|Keywords:||Mathematics education; Instructional design; Curriculum development|
|Full text PDF:||http://pqdtopen.proquest.com/#viewpdf?dispub=3723473|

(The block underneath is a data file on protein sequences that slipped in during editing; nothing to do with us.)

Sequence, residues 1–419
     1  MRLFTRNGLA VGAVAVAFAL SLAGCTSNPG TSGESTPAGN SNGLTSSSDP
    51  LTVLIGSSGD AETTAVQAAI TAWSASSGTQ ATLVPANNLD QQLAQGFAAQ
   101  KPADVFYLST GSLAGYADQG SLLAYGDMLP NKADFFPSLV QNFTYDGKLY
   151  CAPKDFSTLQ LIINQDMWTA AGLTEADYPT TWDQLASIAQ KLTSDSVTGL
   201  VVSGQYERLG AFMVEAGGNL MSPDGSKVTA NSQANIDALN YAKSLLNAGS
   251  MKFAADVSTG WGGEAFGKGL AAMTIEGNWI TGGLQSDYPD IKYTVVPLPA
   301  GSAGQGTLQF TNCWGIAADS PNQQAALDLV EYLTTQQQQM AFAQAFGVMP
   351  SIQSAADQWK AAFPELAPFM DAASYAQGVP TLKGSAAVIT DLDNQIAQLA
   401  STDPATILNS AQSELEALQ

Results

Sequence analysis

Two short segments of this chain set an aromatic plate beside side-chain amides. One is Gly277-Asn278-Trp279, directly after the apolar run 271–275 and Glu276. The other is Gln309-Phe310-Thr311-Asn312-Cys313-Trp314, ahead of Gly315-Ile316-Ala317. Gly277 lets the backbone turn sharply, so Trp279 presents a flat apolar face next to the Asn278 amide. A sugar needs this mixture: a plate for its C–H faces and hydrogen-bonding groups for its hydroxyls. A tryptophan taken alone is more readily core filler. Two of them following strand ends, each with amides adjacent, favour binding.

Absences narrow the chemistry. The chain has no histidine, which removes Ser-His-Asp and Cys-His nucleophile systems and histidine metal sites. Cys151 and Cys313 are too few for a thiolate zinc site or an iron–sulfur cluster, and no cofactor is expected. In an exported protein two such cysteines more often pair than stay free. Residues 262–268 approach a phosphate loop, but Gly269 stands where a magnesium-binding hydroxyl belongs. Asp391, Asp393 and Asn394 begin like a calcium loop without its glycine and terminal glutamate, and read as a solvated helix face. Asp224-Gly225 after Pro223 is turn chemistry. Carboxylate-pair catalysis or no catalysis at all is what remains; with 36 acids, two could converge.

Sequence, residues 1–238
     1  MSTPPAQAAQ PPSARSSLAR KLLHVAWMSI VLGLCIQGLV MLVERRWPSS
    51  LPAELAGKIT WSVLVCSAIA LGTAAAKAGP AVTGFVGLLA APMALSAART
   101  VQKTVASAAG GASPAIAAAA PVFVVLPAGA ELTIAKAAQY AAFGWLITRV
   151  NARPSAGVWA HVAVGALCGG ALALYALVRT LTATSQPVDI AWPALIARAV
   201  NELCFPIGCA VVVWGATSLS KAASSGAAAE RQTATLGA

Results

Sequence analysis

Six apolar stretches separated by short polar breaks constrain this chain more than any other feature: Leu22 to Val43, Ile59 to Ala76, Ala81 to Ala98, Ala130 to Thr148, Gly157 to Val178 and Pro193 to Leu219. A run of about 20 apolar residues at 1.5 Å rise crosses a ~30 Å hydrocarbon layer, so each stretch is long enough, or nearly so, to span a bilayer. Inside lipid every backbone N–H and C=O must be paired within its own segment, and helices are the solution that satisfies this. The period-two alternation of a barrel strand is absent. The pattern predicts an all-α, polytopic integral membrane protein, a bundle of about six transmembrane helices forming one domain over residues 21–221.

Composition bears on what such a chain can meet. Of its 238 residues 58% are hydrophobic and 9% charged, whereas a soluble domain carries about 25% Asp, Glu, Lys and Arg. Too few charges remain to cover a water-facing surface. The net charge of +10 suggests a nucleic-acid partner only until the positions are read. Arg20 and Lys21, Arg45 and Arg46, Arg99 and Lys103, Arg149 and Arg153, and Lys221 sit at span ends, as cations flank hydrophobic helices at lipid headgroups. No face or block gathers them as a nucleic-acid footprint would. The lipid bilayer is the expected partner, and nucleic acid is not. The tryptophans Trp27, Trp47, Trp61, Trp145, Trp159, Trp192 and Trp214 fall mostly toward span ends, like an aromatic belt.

In the city selected for this study, only 29% of inner-city students scored proficiently on standardized tests, whereas 71% of their peers at nearby suburban and affluent schools achieved the proficiency level. To address the gap, the local district implemented ability grouping in one charter school. The purpose of this ex post facto quasi-experimental study was to examine the effect of ability grouping among inner-city students in mathematics as an instructional intervention for improving student achievement. Ability grouping theory as an instructional strategy was used as the theoretical framework for this study. The criterion measure of mathematics improvement was provided by the test results from the Northwest Evaluation Association’s Measure of Academic Progress (NWEA-MAP), a computer-adaptive assessment of mathematics. Using population data for 2012–2014 inner-city 8th graders who took the pretest and posttest NWEA-MAP (N = 234), two 1-way analyses of variances were used to test for mean differences in the NWEA-MAP improvement scores between ability-grouped (n = 115) and non-ability-grouped (n = 115) students, then specifically between students who were grouped as high ability (n = 55) and low ability ( n = 55). The ability-grouped students had significantly higher improvement scores than did the nongrouped students. For those students who were ability grouped, no statistically significant difference existed in improvement between the high and low ability groups. A position paper was developed recommending student grouping to improve academic performance of inner-city school students. Positive social change will occur as the achievement gap is closed for students who attend inner-city schools.